Social Entrepreneur, Muhammed Dimma Mawejje usually starts his day by combing through farms and plantations in search of banana fibers that he later fashions into a number of items.
Mawejje makes wall clocks, earrings, photo frames, and a number of other items using banana fibers as his distinct raw material.
Mawejje said that he engages banana growers who collect the fibers from their plantations and he pays each of them according to the weight of their collections.
“This has enabled the banana growers to earn extra income from what would have been waste and it has even improved the economic status of our community members,” Mawejje told this website.
After gathering his raw materials, Mawejje heads to his office in Kitegomba – Kasangati Town Council, where he sorts and grades the fibers to get the right fit for production.
“After grading, we apply the fiber accordingly to a particular piece that we are creating, furnish it up and make it ready for sale,” he said.
With banana fibers at the center of his creations, Mawejje has not only helped banana growers to earn extra income but has also created jobs for the youth and women in rural areas.
According to Mawejje, his creations have also helped to train and equip at least 160 young people in different areas of his production line, with skills on how to make different products out of banana fibers.
To date, Mawejje said that his creations have recycled at least 21000kg banana stems (waste) into banana fibers, creating revenue of 3000 USD.
Mawejje’s creations have also been able to develop affordable products, ranging from wall clocks to jewelry made from banana fibers worth 5000 USD since inception.
Speaking to Nile Post, Mawejje said that he started his creations in 2014 while working with a craft business in Kasangati Town Council.
“This whole thing came after I was sent to the store to pick materials to use for that day. As I was in the store, I came across a beautiful fascinating piece of product (jewelry box) made 100% out of banana fibers. In return, I asked the lady if banana fibers can also be used to create crafts like we were making them using bamboo and paper. She said yes and a few days later, I bought materials, tried it, and came up with my first piece,” Mawejje said.
From the first piece, Mawejje said that he teamed up with a friend and they started making photo frames and jewelry boxes but he always wanted to create impact and go beyond just creating frames.
” I applied for business incubation, a self-funded program which was offered by the Texfad Vocational Business Incubator for two years which helped me to understand all those aspects in business and project management. The skills I learned here gave birth to Mawejje Creations and all it is today,” Mawejje said.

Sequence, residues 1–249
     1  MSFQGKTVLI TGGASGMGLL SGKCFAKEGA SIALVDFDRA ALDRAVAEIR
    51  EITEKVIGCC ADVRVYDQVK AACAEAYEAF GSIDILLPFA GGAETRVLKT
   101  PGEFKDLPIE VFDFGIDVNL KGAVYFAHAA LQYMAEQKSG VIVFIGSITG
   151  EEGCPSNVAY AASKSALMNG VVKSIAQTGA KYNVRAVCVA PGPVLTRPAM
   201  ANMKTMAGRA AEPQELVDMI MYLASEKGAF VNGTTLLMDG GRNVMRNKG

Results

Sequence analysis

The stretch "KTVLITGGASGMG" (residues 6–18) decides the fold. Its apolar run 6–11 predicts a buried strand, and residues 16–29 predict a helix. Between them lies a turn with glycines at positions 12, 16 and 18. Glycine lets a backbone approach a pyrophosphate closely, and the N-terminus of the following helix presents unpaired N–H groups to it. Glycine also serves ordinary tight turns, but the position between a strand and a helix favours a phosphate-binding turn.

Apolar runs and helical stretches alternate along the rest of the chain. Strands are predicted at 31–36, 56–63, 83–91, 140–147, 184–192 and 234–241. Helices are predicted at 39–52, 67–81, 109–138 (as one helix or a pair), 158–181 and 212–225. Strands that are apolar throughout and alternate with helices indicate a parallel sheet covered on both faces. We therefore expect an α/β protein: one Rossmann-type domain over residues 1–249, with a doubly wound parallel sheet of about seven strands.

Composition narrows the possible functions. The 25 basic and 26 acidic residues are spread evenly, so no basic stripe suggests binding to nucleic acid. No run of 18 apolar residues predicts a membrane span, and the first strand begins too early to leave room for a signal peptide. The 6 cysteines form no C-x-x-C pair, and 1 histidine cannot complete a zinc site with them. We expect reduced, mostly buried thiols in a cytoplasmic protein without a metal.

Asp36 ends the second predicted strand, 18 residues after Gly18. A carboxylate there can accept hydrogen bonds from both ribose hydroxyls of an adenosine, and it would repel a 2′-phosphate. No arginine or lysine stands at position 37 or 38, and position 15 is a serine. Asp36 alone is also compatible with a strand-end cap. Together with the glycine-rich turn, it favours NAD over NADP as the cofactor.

The creations have since moved from just an idea that was meant to create another income stream to now being a social enterprise and banana fiber center which develops affordable banana fiber products to reduce banana waste, enabling banana growers to earn extra income while creating jobs for the youth and women in rural areas.
“Our vision is now to be the leading enterprise in improving the social and economic status of youth and women in Uganda and Africa. This is what keeps us going even on days when things are slow,” Mawejje said.
Mawejje said that being able to create jobs for youth, and enhancing the lives of banana growers is an achievement in itself as this is their mission statement.
Besides that, Mawejje Creations has also been recognized in a number of awards, including but not limited to; ATCG Innovation Award 2020, Younger African Leaders Award finalist 2020, Global Environmental Award Nominee 2020, Ignite Innovation Lab 2020, Young African Leaders Initiative Cohort 38 2020, Top 40 under 40 2020 among others.
Like any other venture, Mawejje Creations has suffered some setbacks. Mawejje said that one of his major challenges is the mindset in some urban communities, who think that products made out of banana fibers are not durable.
“Some people think that these are meant to be consumed by white people and tourists which is still a big challenge. Young people also despise the material. They don’t see value in banana waste,” Mawejje said.
Despite all these, Mawejje said that he is determined to invest all his youthful days in his creations till he retires at 70.
” Why? Being that it is still a Virgin industry with fewer people in it, it is an opportunity to make a lot of research on how to develop other products and projects through Research and Development,” Mawejje said.
One can find Mawejje’s products on his Facebook page called ‘Mawejje Creations’